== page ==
Seniors are prone to eye disorders, so exams are crucial. Problems develop painlessly & have no symptoms & individuals may not notice changes in their vision.
Seniors and Vision Loss: How to Adapt to Changes in Sight
The importance of sight exams
Getting an annual eye exam is important for people of all ages, but especially for older individuals. Senior citizens are more prone to eye disorders such as glaucoma, cataracts and macular degeneration than younger people. Early detection is critical with these three diseases.
Age-related eye problems can develop painlessly and have no early symptoms. Individuals may not even experience changes in their vision until the condition has become more advanced.
Annual eye exams help seniors keep regular tabs on their eye and overall health. Eye exams can also uncover other potential health problems such as artery blockages, hypertension, high cholesterol and diabetes.
According to the U.S. Centers for Disease Control and Prevention 2.8 million seniors are thought to have severe vision impairment—defined as either blindness or difficulty seeing, even with eyeglasses.
How loss of sight impacts hygiene
Loss of vision can impact all areas of one’s life, including day-to-day activities and personal hygiene. There are things caregivers can do to help seniors who have experienced vision loss.
Mark their toothbrush with a tactile or contrasting-colored tag so it’s easily distinguishable.
Move hygiene products to pump packs that squeeze out pre-measured amounts.
Put shampoo and conditioner in different colored or shaped bottles so they are easy to identify.
How Loss of Sight Impacts Driving
Age-related vision changes and eye diseases can negatively affect driving abilities, even before an individual notices any symptoms.
Age-related vision changes that affect seniors’ ability to drive:
- Not being able to clearly see road signs
- Difficulty seeing objects up close, like the car instrument panel or road maps
- Difficulty judging distances and speed
- Changes in color perception
- Problems seeing at night or in low light
- Difficulty adapting to bright sunlight or glare from headlights
- Experiencing a loss of side vision
How loss of sight can be dangerous
Vision loss can be dangerous for seniors and can affect other areas of their life. The CDC estimates that about 1.3 million older, vision-challenged Americans fell at least once in 2014. Since falling is among the leading injuries that sends seniors to the hospital, preventing falls is critical.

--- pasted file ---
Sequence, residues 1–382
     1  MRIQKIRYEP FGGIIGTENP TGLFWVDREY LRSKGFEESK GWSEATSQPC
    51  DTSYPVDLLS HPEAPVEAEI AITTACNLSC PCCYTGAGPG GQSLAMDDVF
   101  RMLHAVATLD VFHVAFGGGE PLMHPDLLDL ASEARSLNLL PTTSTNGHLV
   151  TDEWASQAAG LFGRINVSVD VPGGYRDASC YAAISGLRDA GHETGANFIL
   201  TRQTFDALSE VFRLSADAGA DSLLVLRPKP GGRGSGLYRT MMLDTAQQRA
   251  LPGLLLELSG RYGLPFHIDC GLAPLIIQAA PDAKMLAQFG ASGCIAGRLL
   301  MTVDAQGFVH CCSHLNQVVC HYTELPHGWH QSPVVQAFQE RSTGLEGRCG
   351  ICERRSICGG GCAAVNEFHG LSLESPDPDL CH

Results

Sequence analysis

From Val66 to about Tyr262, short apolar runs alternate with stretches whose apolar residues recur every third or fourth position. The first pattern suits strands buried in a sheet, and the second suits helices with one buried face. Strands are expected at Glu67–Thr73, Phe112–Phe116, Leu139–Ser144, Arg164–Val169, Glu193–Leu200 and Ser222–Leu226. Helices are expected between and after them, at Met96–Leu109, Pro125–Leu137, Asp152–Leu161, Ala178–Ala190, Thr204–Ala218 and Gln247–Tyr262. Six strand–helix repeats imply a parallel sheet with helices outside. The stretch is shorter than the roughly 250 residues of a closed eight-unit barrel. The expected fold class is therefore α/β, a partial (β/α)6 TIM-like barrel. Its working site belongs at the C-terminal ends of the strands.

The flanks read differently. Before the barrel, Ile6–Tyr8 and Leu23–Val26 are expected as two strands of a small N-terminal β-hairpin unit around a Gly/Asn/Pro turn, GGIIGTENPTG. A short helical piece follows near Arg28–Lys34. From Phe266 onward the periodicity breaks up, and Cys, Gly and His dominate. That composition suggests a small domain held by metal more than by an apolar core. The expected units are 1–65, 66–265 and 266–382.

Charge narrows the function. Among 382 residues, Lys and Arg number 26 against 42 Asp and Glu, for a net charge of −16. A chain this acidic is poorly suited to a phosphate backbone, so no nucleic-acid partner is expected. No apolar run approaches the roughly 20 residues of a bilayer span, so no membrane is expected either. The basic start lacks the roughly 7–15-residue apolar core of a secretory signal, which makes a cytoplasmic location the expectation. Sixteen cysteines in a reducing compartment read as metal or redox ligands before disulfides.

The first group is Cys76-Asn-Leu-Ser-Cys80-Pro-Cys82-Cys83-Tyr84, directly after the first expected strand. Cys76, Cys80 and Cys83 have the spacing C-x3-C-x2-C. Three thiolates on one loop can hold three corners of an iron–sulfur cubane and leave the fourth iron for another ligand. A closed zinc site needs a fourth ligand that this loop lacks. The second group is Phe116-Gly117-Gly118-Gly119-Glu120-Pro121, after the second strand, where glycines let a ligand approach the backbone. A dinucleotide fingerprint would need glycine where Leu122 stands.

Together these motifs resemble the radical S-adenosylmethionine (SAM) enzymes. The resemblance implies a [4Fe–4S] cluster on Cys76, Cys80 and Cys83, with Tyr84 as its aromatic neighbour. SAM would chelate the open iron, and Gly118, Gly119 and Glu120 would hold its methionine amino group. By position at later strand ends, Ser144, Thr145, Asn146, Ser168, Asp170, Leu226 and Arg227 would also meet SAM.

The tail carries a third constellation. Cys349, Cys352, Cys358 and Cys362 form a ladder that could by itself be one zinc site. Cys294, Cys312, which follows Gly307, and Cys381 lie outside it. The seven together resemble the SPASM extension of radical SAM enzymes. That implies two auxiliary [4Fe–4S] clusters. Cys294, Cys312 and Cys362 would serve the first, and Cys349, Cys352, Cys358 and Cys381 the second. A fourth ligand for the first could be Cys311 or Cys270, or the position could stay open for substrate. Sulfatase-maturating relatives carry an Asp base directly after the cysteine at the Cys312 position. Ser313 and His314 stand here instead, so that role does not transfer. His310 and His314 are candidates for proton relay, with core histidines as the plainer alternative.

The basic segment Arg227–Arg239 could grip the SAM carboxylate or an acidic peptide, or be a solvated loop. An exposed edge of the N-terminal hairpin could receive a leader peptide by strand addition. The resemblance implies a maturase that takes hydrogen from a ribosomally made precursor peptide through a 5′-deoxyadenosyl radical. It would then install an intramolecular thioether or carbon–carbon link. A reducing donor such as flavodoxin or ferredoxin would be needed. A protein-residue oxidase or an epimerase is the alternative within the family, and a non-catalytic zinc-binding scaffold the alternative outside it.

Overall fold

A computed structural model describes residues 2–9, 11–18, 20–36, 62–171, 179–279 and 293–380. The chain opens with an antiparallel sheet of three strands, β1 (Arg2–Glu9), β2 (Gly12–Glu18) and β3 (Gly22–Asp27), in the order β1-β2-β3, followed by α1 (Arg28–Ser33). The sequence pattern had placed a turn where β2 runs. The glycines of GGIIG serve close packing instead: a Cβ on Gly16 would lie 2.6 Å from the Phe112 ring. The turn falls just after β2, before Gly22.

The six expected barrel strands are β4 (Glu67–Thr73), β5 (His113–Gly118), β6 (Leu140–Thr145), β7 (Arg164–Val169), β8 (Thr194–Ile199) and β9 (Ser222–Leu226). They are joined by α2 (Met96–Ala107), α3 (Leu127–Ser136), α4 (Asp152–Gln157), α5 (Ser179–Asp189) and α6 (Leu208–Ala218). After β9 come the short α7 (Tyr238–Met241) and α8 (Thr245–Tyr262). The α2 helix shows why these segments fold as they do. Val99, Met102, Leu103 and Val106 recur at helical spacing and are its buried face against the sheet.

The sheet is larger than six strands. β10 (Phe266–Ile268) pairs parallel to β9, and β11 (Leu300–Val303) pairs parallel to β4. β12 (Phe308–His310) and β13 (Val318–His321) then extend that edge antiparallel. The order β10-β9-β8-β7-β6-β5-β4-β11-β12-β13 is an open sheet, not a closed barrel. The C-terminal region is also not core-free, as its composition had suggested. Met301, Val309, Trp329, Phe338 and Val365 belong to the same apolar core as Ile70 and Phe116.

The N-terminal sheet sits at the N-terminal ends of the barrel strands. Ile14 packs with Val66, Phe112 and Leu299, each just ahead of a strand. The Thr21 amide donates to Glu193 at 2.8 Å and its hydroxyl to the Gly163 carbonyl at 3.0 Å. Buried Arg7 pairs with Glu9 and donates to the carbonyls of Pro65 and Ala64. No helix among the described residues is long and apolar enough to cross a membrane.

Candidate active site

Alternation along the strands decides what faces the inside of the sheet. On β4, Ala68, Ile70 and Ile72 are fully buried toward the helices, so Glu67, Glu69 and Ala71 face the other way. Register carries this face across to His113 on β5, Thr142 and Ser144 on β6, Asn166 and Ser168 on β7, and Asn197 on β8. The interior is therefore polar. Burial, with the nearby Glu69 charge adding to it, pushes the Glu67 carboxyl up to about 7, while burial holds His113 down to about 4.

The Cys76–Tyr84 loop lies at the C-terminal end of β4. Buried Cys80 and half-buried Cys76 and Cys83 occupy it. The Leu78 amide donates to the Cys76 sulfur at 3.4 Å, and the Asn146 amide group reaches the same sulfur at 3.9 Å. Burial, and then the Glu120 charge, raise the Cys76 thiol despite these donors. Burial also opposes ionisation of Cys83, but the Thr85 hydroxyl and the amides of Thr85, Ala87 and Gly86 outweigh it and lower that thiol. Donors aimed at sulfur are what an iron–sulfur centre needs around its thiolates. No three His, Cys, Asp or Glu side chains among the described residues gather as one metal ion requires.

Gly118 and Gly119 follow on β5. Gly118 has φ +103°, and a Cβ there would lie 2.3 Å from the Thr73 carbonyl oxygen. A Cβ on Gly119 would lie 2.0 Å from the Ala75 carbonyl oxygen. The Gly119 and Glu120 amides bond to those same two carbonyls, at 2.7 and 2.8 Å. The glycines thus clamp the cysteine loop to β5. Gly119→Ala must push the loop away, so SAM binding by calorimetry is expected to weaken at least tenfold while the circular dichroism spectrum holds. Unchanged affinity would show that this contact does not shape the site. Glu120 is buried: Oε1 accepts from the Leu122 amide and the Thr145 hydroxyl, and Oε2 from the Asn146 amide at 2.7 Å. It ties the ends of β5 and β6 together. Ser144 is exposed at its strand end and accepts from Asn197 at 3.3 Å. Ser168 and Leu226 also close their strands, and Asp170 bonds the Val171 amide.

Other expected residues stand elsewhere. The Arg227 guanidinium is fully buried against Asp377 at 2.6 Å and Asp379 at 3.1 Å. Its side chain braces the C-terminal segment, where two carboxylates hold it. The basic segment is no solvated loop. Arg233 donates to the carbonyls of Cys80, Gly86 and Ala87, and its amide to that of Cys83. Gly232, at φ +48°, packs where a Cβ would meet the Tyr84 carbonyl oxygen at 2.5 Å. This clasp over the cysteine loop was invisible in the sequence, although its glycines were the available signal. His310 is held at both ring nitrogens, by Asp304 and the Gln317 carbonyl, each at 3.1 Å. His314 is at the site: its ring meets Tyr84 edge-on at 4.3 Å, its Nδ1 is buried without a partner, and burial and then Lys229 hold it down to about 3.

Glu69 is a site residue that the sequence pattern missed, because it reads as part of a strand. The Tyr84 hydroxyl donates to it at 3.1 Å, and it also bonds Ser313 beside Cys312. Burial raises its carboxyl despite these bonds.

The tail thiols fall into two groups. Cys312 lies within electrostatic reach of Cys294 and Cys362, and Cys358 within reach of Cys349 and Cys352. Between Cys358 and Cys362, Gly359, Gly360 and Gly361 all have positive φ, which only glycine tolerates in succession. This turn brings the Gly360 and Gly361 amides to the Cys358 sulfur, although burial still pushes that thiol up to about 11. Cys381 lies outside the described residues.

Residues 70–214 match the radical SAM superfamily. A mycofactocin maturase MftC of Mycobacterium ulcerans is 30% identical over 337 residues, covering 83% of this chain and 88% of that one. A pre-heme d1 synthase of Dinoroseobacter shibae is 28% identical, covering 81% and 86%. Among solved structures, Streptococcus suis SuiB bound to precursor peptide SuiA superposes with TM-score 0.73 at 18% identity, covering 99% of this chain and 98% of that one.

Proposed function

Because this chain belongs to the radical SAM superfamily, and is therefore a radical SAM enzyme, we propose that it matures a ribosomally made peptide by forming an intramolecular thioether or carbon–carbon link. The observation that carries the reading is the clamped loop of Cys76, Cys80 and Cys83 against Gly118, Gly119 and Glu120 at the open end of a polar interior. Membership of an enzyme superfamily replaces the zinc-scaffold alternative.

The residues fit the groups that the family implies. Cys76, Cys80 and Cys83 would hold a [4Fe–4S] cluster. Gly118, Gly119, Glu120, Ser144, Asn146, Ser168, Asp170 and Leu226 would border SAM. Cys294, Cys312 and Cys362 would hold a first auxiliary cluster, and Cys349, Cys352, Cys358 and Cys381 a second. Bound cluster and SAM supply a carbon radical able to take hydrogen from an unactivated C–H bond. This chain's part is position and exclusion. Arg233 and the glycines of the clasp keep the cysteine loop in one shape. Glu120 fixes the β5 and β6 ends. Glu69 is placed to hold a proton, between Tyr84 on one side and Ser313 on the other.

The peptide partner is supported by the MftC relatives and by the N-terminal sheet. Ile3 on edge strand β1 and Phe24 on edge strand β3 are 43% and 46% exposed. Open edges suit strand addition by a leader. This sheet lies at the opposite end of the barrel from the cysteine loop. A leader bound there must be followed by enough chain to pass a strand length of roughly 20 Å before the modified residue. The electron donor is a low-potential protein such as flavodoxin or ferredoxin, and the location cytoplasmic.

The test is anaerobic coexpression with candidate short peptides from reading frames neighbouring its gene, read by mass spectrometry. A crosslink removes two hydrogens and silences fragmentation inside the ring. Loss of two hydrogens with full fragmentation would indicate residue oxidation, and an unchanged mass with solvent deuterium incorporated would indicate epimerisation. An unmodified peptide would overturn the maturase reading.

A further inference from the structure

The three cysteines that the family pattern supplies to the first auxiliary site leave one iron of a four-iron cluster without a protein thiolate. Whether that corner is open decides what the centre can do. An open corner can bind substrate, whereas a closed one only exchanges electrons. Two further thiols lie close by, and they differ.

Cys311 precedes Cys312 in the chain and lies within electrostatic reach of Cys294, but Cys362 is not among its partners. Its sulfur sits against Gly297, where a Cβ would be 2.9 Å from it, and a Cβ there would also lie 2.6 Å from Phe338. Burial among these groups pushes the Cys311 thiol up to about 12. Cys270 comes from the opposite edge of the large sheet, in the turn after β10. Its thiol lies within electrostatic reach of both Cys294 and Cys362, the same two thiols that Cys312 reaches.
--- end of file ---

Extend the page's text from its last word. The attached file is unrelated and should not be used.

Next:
Help prevent falls when caring for someone who has low vision or blindness:
- Leave things as you found it in their home. If something has to be moved, tell them where you have moved it.
- Be careful when cleaning the house. Cords, wet floors and a mop and bucket are all potential hazards they could trip or slip over.
- Shut doors completely or leave them fully open. A halfopen door is a hazard.
- Replace light bulbs to provide them with good lighting in all the rooms, staircases, closets and hallways.
- Declutter their home and help them dispose of items that are no longer meaningful or necessary.
- Have grab bars installed in stairways and bathrooms.
For additional reading, also see: 3 Eye Conditions That Increase Risk for Seniors
If you or your family member is considering in-home care as part of a plan to age in place, contact Family Matters In-Home Care today for a free consultation. Our team is dedicated to supporting your family and helping older adults enjoy life in the comfort of their own home for as long as possible.
Some of the services offered by Family Matter In-Home Care include: Alzheimer’s & Dementia Care, Bed & Wheelchair Transfer Assistance, Companionship, Housekeeping & Meal Preparation, Personal Care, Recovery Care, and Transportation.
This post is courtesy of ClearCare, an all-encompassing web-based solution, empowering private-duty home care agencies to operate efficiently and grow while solving one of the biggest healthcare and economic challenges of our time.